When you find yourself thinking that you do not know enough, even after weeks and/or months of research and other groundwork, give yourself a (figurative) shake. Remember this one thing: there will always be something left to learn. The beauty of launching or releasing the work that you have spent so much time and effort on, is that you’ll be able to finally view it from the perspective of an outsider. Learning comes from the experiences you have with the process of moving from idea to execution, and that cannot be done if you never allow yourself to bring your thoughts to fruition.
2. Not Enough Support
Even if we don’t want to admit it, we feed off of community and collaboration. We get our first taste of this with the family that we are born into, then with the people we choose to surround ourselves with as we go through this journey of life. Along the way, we develop a blanket of security which is dependent on how much support we believe we are gaining from loved ones, and even people from outside of our usual circles. When the perceived support looks nothing like what we expect, it can be discouraging. We can sometimes get hung up on whether or not others are paying attention. A lot of times we focus on a few select people who we place on a pedestal in terms of what we expect of them.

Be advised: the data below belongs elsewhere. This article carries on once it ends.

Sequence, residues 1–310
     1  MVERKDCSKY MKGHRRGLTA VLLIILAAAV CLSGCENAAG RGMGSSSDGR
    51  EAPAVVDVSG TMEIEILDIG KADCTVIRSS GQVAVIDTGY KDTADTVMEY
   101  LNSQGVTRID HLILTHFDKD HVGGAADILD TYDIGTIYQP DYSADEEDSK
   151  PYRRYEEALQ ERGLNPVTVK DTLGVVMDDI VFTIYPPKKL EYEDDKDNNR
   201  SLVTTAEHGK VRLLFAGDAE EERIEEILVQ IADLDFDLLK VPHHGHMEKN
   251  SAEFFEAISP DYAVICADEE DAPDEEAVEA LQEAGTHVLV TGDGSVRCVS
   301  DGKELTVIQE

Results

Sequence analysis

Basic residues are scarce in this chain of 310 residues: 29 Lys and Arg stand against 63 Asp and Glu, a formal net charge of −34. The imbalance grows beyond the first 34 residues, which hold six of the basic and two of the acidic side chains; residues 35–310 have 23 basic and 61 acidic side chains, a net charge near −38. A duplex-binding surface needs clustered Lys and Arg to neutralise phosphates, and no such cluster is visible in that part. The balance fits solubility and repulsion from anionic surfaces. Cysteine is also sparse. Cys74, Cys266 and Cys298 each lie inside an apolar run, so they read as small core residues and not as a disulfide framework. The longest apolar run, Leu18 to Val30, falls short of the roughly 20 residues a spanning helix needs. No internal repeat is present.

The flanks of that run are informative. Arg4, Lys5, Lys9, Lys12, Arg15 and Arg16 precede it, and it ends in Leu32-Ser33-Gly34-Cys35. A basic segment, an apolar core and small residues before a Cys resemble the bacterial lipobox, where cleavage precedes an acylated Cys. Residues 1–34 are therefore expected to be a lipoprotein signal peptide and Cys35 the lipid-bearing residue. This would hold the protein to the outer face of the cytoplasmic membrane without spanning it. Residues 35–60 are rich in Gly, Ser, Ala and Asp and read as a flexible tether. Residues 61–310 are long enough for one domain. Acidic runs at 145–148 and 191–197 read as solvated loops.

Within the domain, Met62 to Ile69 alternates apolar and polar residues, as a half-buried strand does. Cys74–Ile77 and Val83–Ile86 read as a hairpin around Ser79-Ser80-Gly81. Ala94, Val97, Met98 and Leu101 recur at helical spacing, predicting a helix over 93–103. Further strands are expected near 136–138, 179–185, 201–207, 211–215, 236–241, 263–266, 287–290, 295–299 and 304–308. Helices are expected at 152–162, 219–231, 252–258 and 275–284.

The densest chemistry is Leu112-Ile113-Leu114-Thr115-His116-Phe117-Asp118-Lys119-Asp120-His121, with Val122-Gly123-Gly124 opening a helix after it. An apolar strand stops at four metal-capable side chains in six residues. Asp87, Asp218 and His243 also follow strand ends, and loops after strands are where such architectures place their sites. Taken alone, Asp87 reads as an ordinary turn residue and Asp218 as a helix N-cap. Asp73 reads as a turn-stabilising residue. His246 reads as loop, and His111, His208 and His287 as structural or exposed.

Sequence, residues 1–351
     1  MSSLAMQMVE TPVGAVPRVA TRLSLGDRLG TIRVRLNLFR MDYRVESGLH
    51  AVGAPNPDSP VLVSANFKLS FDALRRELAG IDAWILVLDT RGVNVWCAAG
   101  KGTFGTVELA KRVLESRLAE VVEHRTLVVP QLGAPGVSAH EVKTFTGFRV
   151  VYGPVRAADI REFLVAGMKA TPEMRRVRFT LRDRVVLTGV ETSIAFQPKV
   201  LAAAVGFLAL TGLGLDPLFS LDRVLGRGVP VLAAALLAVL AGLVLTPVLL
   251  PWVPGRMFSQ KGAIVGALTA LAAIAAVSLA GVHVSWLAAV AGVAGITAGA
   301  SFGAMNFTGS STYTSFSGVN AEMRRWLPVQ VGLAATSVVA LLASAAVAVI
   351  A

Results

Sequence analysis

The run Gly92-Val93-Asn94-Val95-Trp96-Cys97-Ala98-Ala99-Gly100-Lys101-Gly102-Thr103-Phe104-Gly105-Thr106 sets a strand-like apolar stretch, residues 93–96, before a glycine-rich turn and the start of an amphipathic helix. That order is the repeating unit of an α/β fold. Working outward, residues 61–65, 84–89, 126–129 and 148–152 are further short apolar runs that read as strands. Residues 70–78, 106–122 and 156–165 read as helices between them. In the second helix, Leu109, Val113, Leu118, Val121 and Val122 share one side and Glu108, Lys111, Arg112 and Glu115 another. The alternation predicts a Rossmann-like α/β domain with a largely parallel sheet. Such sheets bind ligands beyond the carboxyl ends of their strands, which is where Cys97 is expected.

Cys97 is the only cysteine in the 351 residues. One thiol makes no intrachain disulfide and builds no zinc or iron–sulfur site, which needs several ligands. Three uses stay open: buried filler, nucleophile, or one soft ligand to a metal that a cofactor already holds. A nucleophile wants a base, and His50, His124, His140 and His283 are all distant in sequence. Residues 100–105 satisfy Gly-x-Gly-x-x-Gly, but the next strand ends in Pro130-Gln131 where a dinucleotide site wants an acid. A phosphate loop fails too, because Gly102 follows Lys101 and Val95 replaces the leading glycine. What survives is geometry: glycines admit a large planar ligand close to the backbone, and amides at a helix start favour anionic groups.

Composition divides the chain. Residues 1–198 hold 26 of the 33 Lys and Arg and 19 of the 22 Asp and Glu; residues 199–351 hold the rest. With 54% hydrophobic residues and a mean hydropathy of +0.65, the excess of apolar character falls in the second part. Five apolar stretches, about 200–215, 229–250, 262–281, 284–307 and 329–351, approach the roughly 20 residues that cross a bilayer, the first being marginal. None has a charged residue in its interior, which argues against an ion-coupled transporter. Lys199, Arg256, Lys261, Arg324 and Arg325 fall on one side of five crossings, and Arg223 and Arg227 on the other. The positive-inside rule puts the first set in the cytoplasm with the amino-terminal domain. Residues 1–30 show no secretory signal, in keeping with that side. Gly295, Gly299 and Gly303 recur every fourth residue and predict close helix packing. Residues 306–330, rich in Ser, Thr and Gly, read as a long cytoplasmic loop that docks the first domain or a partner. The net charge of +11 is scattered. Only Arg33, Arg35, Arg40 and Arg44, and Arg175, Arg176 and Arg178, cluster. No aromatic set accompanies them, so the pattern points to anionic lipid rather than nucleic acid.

Your support system may not look the way that you envision it to, but making it the sole or main focus of thought, will debilitate our efforts to attaining our goals. Do not allow the lack of support that you perceive to be a defining factor in your pursuits. As long as you are taking care of yourself and making sure that you are focused on your goal, the support that you need will eventually come. Not having the support that you would like may hurt, and it’s more than ok to acknowledge when you are feeling emotionally bruised, but with some simple strategies of coming to terms with how you’re feeling, why you’re feeling the way you do, and how to lessen the adverse effects on you, you can move closer to accomplishing your goals.
3. Not Enough Validation
In the same vein of not having the kind of support that you would like from the people around you, is the desire for your talents and abilities to be co-signed and validated. For some, it may seem that the only way for them to acknowledge their own self-worth, is to have others acknowledge it first. It may be in the form of an encouraging word, or a review of your project. You may hinge your concept of success on the amount of likes and shares that your post may receive on social media, or the amount of positive comments it receives. If these expectations are not met, you may feel that this is an indication that your work isn’t as good as you thought. You may end up finding yourself doubting your own validity, on the basis of others not acknowledging it. You may even go even further and think of all the times throughout your life that you have tried to do well at something, and you never received any encouragement from family, friends or classmates.
As difficult as it may be to accept, you need to get to a point of being satisfied with yourself, and your work. You have to do the extra bit of mental work that it takes to bring yourself to a place of accepting your own validation. Once you have gone through that process, anything else received from external parties will just be extras.
This article was originally published on WittedRoots.com. Witted Roots is a mental and emotional wellness platform for the witty & creative millennial woman of color. With a focus on self-reflection, self-awareness, and self-appreciation, we guide millennial women of color towards a more fulfilling, intentional life.